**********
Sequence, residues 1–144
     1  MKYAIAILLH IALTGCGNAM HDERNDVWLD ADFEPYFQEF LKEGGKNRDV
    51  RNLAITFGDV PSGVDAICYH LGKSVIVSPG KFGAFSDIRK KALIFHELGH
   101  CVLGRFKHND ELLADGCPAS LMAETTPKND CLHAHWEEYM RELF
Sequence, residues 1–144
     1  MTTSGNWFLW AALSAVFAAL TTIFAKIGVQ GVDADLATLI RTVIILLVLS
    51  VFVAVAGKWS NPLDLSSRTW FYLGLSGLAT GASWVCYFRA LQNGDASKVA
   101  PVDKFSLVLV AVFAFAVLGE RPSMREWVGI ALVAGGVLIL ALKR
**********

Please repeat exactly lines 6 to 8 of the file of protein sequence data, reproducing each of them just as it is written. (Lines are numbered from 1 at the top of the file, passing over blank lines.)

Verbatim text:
     1  MTTSGNWFLW AALSAVFAAL TTIFAKIGVQ GVDADLATLI RTVIILLVLS
    51  VFVAVAGKWS NPLDLSSRTW FYLGLSGLAT GASWVCYFRA LQNGDASKVA
   101  PVDKFSLVLV AVFAFAVLGE RPSMREWVGI ALVAGGVLIL ALKR